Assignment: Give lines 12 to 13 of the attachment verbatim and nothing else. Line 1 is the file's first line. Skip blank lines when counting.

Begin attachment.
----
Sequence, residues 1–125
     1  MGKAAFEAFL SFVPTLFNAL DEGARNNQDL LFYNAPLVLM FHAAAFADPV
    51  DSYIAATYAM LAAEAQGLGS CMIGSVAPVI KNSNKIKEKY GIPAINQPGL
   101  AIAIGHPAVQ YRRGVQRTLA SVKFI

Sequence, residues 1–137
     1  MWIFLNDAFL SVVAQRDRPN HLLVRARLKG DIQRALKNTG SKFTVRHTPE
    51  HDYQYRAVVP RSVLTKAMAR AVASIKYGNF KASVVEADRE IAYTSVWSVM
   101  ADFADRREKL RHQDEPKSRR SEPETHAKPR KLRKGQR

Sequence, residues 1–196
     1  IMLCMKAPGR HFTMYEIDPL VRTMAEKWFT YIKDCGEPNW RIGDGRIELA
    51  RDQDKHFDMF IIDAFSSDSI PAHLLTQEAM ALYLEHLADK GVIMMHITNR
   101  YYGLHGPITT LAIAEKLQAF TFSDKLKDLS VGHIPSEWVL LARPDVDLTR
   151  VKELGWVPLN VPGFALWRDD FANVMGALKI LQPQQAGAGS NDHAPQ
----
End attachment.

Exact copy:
   101  YYGLHGPITT LAIAEKLQAF TFSDKLKDLS VGHIPSEWVL LARPDVDLTR
   151  VKELGWVPLN VPGFALWRDD FANVMGALKI LQPQQAGAGS NDHAPQ